This comment engaged them in a verbal battle before my student decided to start hitting the kid, leaving both of them with bruises and bleeding lips. While both children were sentenced to community service for their actions, the other kid served less hours. Why? Because my student threw the first punch.

What the policemen, the courts, and the store’s video didn’t show was that the other kid threw the first punch with his words. No, my student did not play by the rules, but if you hear the same thing over and over you’d get fed up too, right?

A second student, who is from Saudi Arabia, shared an incident that happened at an airport, when he and his mother walked through the security area. His mother wore a niqāb, similar to a burqa or hijab. Fabric enveloped her head, covering her face, so that only her eyes were showing.

As they walked through the security clearance area, a guard asked the man right after my student and his mother to step aside for a random security check.

The man shouted out, “Oh, sure. Let the terrorists go through.”

My student then asked his mother in Arabic, “Are you going to beat his face in?”

His mother answered, “If he says those things, his life is already bad enough.”

Other students continued to share stories in which they are treated unfairly for the color of their skin, or for what they wear, or for how they act. Every day I see troubled warriors, fighting through their youth, looking for the light in an otherwise dark and derogatory world.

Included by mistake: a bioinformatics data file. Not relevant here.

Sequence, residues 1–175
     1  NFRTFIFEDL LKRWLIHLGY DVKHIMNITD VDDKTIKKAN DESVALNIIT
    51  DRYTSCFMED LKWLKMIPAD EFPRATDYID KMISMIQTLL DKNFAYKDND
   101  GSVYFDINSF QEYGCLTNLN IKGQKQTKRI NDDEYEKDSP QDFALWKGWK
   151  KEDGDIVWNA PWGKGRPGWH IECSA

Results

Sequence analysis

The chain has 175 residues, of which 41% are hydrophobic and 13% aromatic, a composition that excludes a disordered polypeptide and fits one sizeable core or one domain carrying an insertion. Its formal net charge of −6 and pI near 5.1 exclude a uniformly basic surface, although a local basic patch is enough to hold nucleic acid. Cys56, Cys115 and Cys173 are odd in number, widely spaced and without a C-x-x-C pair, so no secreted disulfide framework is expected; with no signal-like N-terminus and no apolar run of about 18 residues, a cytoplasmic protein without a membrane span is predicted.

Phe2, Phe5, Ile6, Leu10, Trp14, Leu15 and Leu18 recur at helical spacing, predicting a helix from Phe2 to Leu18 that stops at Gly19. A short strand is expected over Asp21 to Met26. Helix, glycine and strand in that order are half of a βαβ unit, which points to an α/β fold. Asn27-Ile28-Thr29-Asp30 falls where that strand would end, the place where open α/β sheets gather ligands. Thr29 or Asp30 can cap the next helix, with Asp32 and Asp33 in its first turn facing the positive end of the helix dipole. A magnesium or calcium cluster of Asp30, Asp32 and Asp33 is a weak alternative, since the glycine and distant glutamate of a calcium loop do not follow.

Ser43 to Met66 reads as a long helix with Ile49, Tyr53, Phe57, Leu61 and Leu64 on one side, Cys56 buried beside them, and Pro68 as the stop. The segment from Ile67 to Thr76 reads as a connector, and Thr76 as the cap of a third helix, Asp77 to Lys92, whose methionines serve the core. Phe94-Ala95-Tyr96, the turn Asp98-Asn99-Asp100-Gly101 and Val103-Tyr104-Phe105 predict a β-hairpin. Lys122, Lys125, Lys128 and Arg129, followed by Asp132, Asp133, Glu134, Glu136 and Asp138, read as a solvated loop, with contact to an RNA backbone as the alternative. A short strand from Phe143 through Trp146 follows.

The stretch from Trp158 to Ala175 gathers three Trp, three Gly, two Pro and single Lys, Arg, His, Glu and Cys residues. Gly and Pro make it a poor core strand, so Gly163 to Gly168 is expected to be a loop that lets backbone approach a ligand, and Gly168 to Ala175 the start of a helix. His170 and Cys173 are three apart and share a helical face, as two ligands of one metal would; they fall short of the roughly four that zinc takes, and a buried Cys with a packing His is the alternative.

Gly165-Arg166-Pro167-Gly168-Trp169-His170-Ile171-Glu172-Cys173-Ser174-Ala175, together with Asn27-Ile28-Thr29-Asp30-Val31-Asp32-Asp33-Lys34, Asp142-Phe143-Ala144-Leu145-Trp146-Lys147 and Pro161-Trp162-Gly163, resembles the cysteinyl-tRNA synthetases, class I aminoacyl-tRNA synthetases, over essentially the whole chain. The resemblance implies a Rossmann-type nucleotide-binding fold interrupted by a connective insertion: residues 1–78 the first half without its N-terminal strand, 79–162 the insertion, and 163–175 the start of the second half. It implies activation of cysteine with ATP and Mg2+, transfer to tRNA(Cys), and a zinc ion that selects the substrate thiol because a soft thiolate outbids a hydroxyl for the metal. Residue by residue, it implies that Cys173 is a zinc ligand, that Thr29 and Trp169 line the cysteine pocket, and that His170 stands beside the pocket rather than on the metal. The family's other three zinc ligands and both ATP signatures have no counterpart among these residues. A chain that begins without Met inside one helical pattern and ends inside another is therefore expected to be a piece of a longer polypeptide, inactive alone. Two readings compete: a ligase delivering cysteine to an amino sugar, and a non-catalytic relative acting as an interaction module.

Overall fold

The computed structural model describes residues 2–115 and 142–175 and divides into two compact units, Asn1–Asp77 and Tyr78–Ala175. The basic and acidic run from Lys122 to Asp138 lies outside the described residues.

So is our nation truly beating prejudice and knocking down barriers? Not yet. We are progressing slowly, struggling forward. We will always have ignorant people shouting out rude, rash, ridiculous things, but we need to continue making progress.

As adults, we need to be open to change. We need to stop fearing what will happen if we open up a dialogue with others about controversial topics. Whether you are a teacher or not, we need to make it clear that our youth and those who are different from us safe and supported. Progress can be made, but shying away from controversy leaves our society stagnant, or worse, leaves our youth to experiment with language on their own, calling each other gay, or dirty Mexicans, or immigrants, whether in online forums or quietly in school stairwells. We need to make changes in this nation, but it begins with each and every one of us fighting for what is the American dream.

In 1957, five African American students were allowed to attend a desegregated school in Little Rock. They were allowed to attend, but that doesn’t mean received a high quality instruction, or a front row seat in the classroom, or respect. Today, no matter the race, sexual orientation, gender or personality quirks, our kids are still up against a lot in their quest to achieve their American dream. Let’s give them a fighting chance: Give up on glares and sever our ties with prejudicial slurs. We’ve come a long way, America, but we’ve got a long way to go. Let’s get moving, and get talking.